A Knight’s Tale (26: Town Halls, Trams, And Trolley Buses)

We were dependent in those days on trolley buses to take us to school or the first leg of the journey to Auntie Gwen’s. From Merton’s splendid Art Deco Town Hall we would take a tram to Latimer Road, and occasionally continue along Wimbledon Broadway by tram.

Years later I was to discover that the hand carved fitted furniture for the above-mentioned building had been removed when its inside was gutted to accommodate the current Tesco supermarket. Only the facade remains. The solid oak curved fittings were transferred to the mayor’s rooms in the ’60s tower block that now houses council offices. Needless to say they fitted in neither sense of the word.

It is perhaps no coincidence that I watched the removal of a splendid wood panelled staircase and its circular landing smashed up and removed from what had been my Social Services Area Office to make way for the aluminium and laminate structures of the Westminster Council Leader, Tesco heiress, Dame Shirley Porter’s “One Stop Shop” in the 1980s. This had been a Victorian Town Hall.

Now to return to the trolley buses.

(Photo: David Bradley Online)

Trolley buses were a post tram invention, utilising overhead wires providing the current which was fed to the buses through long connecting rods.  These were much longer than the links used by today’s Intercity trains.  Much delight was taken by all us children when the rods became dislodged.  It was a major undertaking to reposition them, which was an entertainment in itself, and, of course, if it happened at the right time and in the right direction, the bus couldn’t take us to school.  In modern football parlance I’d say that was a result.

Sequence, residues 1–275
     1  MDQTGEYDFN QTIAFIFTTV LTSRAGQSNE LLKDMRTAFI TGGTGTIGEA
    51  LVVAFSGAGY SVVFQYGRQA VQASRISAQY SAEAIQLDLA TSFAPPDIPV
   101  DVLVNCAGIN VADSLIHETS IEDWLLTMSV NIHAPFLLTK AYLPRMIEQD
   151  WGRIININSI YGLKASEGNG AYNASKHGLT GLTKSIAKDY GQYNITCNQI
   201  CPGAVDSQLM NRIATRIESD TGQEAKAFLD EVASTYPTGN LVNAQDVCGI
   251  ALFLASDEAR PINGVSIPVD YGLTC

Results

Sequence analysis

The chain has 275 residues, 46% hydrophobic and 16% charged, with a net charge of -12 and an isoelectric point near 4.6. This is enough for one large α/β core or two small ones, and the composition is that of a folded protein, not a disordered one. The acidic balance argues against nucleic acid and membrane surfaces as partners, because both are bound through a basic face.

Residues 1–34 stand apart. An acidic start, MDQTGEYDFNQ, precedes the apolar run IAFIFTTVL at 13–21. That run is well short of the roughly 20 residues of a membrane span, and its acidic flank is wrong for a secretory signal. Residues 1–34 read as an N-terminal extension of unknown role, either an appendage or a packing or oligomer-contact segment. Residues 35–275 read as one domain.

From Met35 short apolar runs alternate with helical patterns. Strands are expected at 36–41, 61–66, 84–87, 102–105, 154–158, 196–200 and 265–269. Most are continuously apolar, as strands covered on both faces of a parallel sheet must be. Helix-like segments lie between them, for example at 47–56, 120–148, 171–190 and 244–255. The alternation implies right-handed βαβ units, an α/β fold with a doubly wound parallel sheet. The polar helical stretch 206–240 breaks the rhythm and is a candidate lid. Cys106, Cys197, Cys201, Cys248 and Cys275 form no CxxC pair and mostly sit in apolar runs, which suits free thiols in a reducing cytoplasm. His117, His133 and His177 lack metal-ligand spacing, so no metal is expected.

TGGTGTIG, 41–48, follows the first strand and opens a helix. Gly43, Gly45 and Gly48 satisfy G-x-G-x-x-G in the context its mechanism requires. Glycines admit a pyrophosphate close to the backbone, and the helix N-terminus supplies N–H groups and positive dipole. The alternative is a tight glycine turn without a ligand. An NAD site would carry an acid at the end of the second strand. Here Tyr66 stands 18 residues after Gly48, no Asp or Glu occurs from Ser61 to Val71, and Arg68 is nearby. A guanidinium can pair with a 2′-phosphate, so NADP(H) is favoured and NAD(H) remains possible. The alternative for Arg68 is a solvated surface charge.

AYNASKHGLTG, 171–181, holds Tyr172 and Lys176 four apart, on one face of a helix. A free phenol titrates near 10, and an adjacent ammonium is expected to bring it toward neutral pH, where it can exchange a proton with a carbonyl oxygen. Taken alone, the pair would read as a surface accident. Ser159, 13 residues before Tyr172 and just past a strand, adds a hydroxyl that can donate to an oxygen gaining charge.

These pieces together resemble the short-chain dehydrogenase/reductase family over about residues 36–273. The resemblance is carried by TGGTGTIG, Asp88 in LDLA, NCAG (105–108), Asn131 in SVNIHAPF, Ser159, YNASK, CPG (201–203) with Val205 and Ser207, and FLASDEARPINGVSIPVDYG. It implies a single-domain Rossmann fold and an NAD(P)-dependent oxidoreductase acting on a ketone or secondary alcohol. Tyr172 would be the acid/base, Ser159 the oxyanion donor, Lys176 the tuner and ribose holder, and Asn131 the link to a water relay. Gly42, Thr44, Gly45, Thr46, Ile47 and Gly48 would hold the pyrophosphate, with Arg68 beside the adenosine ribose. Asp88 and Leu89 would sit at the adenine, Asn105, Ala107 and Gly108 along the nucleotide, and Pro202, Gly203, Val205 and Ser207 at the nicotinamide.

These buses ran along Worple Road, providing a transport link between Wimbledon and Raynes Park.  Until the early 1950s Wimbledon sported both trolley buses and trams.

(Photo by Norman Hurford, 1950, scanned by Peter Brabham on Flickr.)

I am proud of a story featuring my paternal grandfather, John Francis Cecil Knight, who was walking alongside one of these open-topped vehicles during the early 20th century. A man on the upstairs deck gobbed overboard. The phlegm landed on Grandpa’s sleeve. He jumped on the tram, ran upstairs, and made the offender wipe off his deposit.

These were the days when you could freely board public transport on the move.

Trams have been widely reintroduced in England. Those between Wimbledon and Croydon make use in part of disused railway tracks.  They do not glide down Wimbledon Broadway as did the early trams of my boyhood.

In May 2012, whilst waiting on a red light at the ungated level crossing being approached by a tram in each direction I sensed that a young oriental jogger was going to continue on through the path of the trams.  She didn’t look from side to side and ignored the light.  I held up my hand indicating that she should stop. She took no apparent notice of me, glanced to her left, and ran on.  The tram that was the most dangerous missed her.  She was wearing specs with very thick lenses.  Maybe she couldn’t see.  Maybe she had confidence in her speed.